OneWest was in an increasingly difficult situation, it says in its suit. It faced potential suits from investors if it modified loans, and if it didn’t, homeowners in the pool might sue.

In late June 2010, with HSBC still not budging, OneWest filed suit, asking a federal judge to decide whether modifications should or should not be allowed.

Eligible but not allowed

The case suggests that when investors themselves are asked, they will approve modifications. HSBC polled the investors in the 10 pools after the suit was filed. A large majority favored allowing modifications. Based on those results, HSBC said in a court filing in January that it did not oppose OneWest’s request for a judge to intervene and that if the judge declared modifications were allowed, that would be fine with them.

In the meantime, 3,000 homeowners like Jeter whose mortgages are caught up in the dispute have been unable to get any reduction in payments. When OneWest filed its suit, it said at least 800 of the loans seemed eligible for an affordable government-sponsored modification but couldn’t actually be modified because of HSBC’s stance. Those homeowners “are facing the possibility of losing their homes through potentially avoidable foreclosures every day,” it said.

It’s not clear how many of those homeowners have since been foreclosed on. OneWest said in a statement that it had no choice in pursuing foreclosure: It’s “contractually obligated to continue servicing loans in accordance with the terms of the underlying securitization documents.”

Foreclosure crisis

The suit is remarkable not only because it seems unique — close observers said they hadn’t seen another example of a servicer going to court against a trustee — but also because it lays bare a relationship that is usually a mystery to homeowners and investors in securitized mortgages.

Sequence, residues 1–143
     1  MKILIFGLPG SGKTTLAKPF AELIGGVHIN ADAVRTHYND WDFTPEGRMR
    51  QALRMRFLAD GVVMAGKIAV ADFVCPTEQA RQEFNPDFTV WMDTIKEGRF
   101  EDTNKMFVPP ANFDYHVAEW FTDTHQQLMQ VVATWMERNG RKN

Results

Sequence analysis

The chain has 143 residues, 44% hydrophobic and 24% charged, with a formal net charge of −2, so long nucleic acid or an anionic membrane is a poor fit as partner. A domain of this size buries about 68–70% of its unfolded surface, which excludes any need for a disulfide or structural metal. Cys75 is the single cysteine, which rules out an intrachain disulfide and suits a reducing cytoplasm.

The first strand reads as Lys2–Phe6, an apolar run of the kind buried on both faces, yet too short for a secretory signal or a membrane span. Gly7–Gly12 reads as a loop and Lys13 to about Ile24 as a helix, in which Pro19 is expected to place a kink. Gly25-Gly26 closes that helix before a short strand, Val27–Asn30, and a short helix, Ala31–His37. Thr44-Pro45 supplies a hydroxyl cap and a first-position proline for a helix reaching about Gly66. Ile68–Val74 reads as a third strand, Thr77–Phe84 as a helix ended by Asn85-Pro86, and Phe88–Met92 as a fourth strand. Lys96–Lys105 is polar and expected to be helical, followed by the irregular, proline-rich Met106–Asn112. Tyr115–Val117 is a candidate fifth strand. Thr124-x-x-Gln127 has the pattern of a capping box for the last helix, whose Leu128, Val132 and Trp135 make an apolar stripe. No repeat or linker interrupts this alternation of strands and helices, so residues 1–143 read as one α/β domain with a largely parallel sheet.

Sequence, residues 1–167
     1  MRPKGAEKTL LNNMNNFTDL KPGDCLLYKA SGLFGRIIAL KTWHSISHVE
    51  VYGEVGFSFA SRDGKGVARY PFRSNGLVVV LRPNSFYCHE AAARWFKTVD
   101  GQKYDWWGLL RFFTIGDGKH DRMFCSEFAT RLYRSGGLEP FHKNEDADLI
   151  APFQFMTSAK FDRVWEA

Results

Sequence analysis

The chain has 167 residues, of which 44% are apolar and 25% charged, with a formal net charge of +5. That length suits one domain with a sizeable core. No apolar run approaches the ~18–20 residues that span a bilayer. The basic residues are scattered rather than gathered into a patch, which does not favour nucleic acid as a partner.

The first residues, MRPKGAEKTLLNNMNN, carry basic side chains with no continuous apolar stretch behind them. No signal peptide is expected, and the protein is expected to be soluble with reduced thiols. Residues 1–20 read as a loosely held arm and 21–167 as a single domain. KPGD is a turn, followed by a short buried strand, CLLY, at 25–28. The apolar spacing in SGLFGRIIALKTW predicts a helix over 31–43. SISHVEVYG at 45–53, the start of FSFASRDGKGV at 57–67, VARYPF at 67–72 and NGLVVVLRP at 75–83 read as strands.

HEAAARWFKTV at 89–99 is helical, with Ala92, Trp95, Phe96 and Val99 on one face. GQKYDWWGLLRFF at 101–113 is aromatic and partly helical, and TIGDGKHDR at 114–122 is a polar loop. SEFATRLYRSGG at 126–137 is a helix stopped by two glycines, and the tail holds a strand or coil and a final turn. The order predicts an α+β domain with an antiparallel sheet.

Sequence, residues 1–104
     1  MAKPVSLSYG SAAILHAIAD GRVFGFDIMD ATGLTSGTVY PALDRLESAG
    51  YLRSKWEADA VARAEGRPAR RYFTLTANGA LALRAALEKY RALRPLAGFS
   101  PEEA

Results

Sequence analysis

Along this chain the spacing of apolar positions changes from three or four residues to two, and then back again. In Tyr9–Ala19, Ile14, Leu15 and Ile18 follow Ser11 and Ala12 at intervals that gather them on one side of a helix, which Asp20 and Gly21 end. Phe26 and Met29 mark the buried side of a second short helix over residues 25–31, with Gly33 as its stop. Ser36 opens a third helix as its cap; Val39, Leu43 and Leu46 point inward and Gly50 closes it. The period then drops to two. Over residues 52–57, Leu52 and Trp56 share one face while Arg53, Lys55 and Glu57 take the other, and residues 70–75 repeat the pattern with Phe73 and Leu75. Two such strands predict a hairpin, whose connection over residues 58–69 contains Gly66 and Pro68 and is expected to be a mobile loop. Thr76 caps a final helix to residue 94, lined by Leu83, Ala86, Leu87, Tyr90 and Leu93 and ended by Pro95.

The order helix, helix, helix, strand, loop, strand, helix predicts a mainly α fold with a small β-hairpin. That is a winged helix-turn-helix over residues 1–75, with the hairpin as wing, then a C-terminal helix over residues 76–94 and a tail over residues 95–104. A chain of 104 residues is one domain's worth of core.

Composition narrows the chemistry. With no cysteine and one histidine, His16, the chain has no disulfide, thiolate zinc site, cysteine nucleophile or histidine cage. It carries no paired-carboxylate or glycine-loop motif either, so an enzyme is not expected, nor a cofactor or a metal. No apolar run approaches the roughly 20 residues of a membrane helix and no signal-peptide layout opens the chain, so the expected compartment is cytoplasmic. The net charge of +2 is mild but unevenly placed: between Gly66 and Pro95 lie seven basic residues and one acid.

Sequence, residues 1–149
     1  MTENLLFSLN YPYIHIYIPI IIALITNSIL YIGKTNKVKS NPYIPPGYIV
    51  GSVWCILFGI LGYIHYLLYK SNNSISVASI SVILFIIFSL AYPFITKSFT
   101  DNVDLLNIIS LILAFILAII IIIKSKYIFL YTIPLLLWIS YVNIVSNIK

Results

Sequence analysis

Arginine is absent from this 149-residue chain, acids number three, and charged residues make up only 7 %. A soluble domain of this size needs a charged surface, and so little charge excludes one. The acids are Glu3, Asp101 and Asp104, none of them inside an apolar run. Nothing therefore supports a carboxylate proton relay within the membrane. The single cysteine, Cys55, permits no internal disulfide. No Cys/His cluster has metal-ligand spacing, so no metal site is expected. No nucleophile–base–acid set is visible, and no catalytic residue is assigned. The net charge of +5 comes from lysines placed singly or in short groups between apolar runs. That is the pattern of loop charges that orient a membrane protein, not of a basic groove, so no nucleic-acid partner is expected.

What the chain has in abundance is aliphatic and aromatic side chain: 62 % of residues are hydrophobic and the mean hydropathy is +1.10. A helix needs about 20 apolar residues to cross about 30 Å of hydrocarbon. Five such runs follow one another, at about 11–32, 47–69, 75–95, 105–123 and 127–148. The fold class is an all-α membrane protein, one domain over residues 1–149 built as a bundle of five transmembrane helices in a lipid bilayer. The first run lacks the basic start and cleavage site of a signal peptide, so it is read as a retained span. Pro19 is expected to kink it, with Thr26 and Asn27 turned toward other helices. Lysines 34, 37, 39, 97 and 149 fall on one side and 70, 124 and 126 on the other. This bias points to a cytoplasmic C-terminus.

It’s often hard for homeowners to tell if a servicer is correctly citing an investor restriction when denying a modification. Servicers have cited investor restrictions when denying modifications for at least 30,000 homeowners, about 2 percent of the 1.9 million total homeowners who’ve been denied, according to a ProPublica analysis of Treasury Department data. A Treasury spokeswoman said auditors examining such denials had found they were almost always legitimate. That’s not an experience shared by homeowner advocates.

In a number of cases, said Jeff Gentes, an attorney at the Connecticut Fair Housing Center, servicer employees have told his clients that there was an investor restriction, when a little bit of digging showed that’s not true. We reported on this problem last year.

Changes not pursued

In the cases when there actually is a restriction in the documents, the servicer is supposed to at least try to get permission. The HAMP rules require the servicer to send a letter to the trustee requesting that modifications be allowed.

In cases where there’s a clear contractual bar to modifications, the servicer and trustee could take the initiative to change the contracts by having the investors vote on it or, if voting isn’t required, amend the contract themselves.

But in general, said Gentes, the housing attorney, servicers are slow to investigate and eliminate bars to modification. Servicers are paid a low, flat rate per loan and are motivated to keep costs down. “The costs of removing an investor restriction are often borne by the servicers, and so extensive amendment rules often mean that servicers won’t pursue it.”

Trustees, who get paid even lower fees, are no different, said Bill Frey of Greenwich Financial Services, which specializes in mortgage-backed securities. “They’re very, very prone to inaction.”

Both, as middlemen, don’t bear the loss when a home is foreclosed on.

Source: By Paul Kiel, ProPublica.com (April 17, 2011)

Foreclosed? The tax man may want his cut

Did you lose your house to foreclosure this year? Did your lender forgive some of your mortgage debt because the house sold for less than it the mortgage balance?

If so, you could be facing a big tax hit.

It is IRS policy to tax forgiven debt you are personally responsible for as if it is income. Say, for example, your credit card company settled a $10,000 debt for 50 cents on the dollar. You’d have a debt forgiveness of $5,000, which the IRS would count just like your wages.

The same policy held true for most mortgage debt until 2007, when Congress passed the Mortgage Forgiveness Debt Relief Act. That ended the liability for many homeowners — but not all.

In general, if you lose your home to foreclosure or short sale, where you sell your home for less than you owe, the IRS won’t add insult to injury by counting the difference as income, at least until 2012, when the act expires.

There are four major exceptions to the rule: